ARTHUR CHRISTMAS Review

GRADE: 4 out of 5

There are many reasons to love ARTHUR CHRISTMAS, it is quite possibly the most original and creative holiday themed adventure movie in recent years. The concepts presented in this movie boldly break down certain traditional mindset, opinions and assumptions about Christmas but it remains true to the legendary spirit of Santa’s job which is supposed to be and always will be about sending presents to every single child in the world.
This is a no child left behind program from Sony Pictures Animation and Aardman Animations..

Set on Christmas night, the story of Arthur Christmas at last reveals the incredible, never-before seen answer to every child’s question: ‘So how does Santa deliver all those presents in one night?’ The answer: Santa’s exhilarating, ultra-high-tech operation hidden beneath the North Pole. But at the heart of the film is a story with the ingredients of a Christmas classic – a family in a state of comic dysfunction and an unlikely hero, Arthur, with an urgent mission that must be completed before Christmas morning dawns.

I think it’s brilliant that the film suggests that there is not just one immortal Santa who’s been delivering gifts to kids all around the world since the beginning of time. That Santa is lineage, a dynasty, a job passed down from generation to generation and so there have been many Santas and there have been many Mrs. Claus as well.
Out with the old and in with the new, the story has this clash of the old way of delivering gifts versus the new high-tech, advanced, gadgetry, electronic, lean way of doing that same task but it all comes down to the question of which one has the most care, or has everybody gotten too focused on putting themselves in the spotlight instead of making this about the kids.

The design that they have for Steve’s military style operation is massive and fascinating, it’s like a pentagon in the north pole. They’ve got hundreds and thousands of elves working constantly on the computers. And then you have the field agent elves moving in stealth mode, delivering gifts, causing the most minimal amount of disturbance.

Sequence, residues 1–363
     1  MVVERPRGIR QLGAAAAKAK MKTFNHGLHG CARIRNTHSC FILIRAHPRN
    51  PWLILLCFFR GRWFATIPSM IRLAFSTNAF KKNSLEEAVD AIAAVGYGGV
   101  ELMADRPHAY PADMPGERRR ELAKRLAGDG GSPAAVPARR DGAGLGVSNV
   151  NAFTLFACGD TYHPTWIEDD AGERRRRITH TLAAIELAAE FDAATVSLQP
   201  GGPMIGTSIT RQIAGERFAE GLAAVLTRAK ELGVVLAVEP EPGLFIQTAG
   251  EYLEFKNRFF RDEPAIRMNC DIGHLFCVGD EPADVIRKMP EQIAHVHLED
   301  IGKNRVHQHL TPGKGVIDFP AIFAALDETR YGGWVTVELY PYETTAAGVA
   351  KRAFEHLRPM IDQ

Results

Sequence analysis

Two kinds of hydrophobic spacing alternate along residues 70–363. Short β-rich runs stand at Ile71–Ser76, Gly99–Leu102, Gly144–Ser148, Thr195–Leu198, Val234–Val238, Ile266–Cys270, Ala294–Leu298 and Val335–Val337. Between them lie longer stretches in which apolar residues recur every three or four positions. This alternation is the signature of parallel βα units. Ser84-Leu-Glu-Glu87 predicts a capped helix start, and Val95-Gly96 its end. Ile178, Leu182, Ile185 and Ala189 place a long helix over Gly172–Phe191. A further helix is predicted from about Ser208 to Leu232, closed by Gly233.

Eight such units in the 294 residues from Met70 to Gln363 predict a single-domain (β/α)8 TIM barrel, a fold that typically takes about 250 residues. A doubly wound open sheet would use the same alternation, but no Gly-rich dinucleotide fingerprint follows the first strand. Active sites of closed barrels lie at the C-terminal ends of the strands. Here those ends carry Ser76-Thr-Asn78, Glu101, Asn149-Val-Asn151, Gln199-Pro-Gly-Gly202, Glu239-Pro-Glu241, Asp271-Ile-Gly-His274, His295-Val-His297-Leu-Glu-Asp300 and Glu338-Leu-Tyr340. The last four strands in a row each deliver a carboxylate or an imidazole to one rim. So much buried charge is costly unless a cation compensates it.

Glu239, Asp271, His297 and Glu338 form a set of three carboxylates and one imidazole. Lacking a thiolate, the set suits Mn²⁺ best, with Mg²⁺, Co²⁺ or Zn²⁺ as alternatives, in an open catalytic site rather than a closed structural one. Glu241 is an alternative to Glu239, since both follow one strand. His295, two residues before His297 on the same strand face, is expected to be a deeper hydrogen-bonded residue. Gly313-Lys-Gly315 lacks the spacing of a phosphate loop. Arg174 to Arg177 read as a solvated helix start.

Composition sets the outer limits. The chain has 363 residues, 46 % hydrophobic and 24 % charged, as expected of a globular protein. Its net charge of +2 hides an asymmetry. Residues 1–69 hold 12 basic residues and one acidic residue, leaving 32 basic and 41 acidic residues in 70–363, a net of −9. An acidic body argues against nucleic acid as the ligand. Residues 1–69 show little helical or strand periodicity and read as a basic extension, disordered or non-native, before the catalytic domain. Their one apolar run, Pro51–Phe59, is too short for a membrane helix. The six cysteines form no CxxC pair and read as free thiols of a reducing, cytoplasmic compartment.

They’re reliable, they’re smart, they always have a last minute back up plan in case something goes wrong. Excellent line of communication from the headquarter allows each mission to go smoothly.
Instead of a sleigh, now they have an enormous space ship that could camouflage itself.
Santa is now just a figure head and Steve basically runs the whole show, so that’s another concept that I find intriguing and slightly ironic because I’d like to think of it as Aardman Animations’ (based in England) silly way of parodying its country’s own system with the queen and the Prime Minister.

The characters in ARTHUR CHRISTMAS are very lovable and entertaining, you have Santa voiced by the great Jim Broadbent, Mrs. Claus voiced by the great Imelda Staunton, Steve voiced by Hugh Laurie, grand santa voiced by Bill Nighy and Arthur Christmas voiced by James McAvoy and the scene-stealing gift-wrapping expert elf, voiced by Ashley Jensen. These are brit and scot thesps who are at the top of their game.
I especially enjoy McAvoy’s high-pitched nervous voice as Arthur, to let you know that you’re dealing with bumbling kid who has a good heart but is a bit of a klutz.
If there’s one thing that I think doesn’t work well is that some of the jokes are too adult-centric for kids and younger viewers to understand, and I don’t necessarily mean innuendos. The film has smart jokes on literacy, biofuel, and antimatter, we the adults would find those funny and they are funny but I don’t think kids no older than 8 would understand how funny they really are.
But the film is terrific, the story is heartwarming, you can enjoy ARTHUR CHRISTMAS just the same even if you don’t watch it in 3D.. but it’s more exciting in 3D.


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